R is for… Rosmaputh

The Rosmaputh is a hideous creature found in the Caspian Sea. It has a man’s head covered with bristles and armed with long sharp teeth. It has a long neck, scaleless skin, broad shoulders, and flippers that reach to the tail. Its tongue is shaped like a laurel leaf. When out of the water it screams nightmarishly.

Q is for… Qique

Another of the many monstrous man-eaters of the Shan Hai Jing, the Qique or Qi-magpie looks like a white-headed chicken with rat’s feet and tiger’s claws. It lives on North Shouting Mountain.

P is for… Peteliae

Aelian describes the Peteliae as tiny, pale crabs that form in mud. They have small wings that are incapable of flight, instead generating only enough lift to speed them up a bit. Eating them is good for sciatica.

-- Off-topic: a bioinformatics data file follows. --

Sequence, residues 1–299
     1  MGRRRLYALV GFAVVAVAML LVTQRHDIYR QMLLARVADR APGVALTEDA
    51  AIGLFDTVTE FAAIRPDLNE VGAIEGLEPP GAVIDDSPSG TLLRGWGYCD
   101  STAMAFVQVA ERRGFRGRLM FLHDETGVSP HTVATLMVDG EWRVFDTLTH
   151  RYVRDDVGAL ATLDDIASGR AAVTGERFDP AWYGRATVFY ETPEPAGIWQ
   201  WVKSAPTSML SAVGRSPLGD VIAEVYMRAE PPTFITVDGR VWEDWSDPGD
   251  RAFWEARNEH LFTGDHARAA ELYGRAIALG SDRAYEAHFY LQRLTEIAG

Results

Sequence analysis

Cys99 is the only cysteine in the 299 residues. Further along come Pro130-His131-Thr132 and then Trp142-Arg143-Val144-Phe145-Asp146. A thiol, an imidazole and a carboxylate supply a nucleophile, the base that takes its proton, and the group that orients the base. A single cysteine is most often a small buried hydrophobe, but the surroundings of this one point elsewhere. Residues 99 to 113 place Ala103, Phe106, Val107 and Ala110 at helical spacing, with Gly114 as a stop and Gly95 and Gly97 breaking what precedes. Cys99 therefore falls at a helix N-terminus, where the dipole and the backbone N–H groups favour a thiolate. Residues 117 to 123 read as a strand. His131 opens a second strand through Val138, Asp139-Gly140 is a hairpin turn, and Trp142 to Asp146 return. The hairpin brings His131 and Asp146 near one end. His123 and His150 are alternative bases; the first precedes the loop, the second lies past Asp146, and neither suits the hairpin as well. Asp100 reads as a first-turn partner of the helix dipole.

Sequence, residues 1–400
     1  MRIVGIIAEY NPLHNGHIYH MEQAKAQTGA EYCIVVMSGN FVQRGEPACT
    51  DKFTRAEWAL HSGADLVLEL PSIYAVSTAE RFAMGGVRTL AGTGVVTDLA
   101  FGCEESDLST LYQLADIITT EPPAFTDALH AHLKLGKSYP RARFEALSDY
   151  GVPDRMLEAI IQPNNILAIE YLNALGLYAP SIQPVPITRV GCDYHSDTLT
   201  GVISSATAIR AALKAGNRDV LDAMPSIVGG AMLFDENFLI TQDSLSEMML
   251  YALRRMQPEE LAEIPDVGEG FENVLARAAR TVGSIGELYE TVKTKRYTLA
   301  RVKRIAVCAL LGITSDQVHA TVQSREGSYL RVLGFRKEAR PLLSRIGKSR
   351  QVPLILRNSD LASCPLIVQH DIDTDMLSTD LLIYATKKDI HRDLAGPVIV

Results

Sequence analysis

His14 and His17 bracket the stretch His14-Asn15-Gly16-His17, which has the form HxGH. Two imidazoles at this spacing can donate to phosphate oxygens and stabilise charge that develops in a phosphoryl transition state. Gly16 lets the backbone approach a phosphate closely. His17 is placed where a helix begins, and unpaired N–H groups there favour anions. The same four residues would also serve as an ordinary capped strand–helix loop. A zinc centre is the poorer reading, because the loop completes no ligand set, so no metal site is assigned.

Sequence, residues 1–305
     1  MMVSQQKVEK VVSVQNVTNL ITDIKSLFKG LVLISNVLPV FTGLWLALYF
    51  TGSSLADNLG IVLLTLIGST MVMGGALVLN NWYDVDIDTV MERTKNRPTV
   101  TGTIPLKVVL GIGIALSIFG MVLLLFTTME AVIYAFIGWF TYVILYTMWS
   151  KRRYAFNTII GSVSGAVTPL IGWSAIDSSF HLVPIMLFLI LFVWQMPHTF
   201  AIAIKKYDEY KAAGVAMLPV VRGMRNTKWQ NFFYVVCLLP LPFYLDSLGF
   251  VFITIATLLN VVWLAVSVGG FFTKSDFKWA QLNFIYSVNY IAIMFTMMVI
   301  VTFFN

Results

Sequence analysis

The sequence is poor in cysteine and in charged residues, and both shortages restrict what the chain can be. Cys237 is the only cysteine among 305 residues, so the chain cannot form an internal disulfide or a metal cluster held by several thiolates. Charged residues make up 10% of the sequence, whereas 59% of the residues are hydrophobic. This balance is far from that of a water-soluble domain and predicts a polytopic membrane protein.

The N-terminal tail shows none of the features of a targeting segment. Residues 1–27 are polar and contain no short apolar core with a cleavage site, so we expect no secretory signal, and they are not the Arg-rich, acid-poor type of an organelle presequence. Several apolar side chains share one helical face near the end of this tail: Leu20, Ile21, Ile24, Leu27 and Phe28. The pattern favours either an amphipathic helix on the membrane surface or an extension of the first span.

O is for… Opimachus

The chargol insect of Leviticus begat the ophiomachus (“snake fighter”) of the Septuagint, by way of Aristotle’s account of snake-eating locusts. This in turn begat the opimachus of the Ortus Sanitatis, which merges it with the snake-fighting secretary bird. Did it beget the word “opinicus” as well?

N is for… Nhang

“Nhang” is a Persian word for crocodile. In Armenian it refers to the Biblical crocodile and hippopotamus and a monstrous aquatic spirit that lives in the Euphrates. It can appear as a woman or a seal. It seizes people and drowns them, then drains them of their blood.

M is for… Markupo

The Markupo is a Philippine serpent with a red crest, a thorny tongue, a forked tail, and a pleasant singing voice. It exhales a poison of extraordinary deadliness – if the poison is sprinkled on a plant, the plant will wither and its very shadow will kill anyone it touches.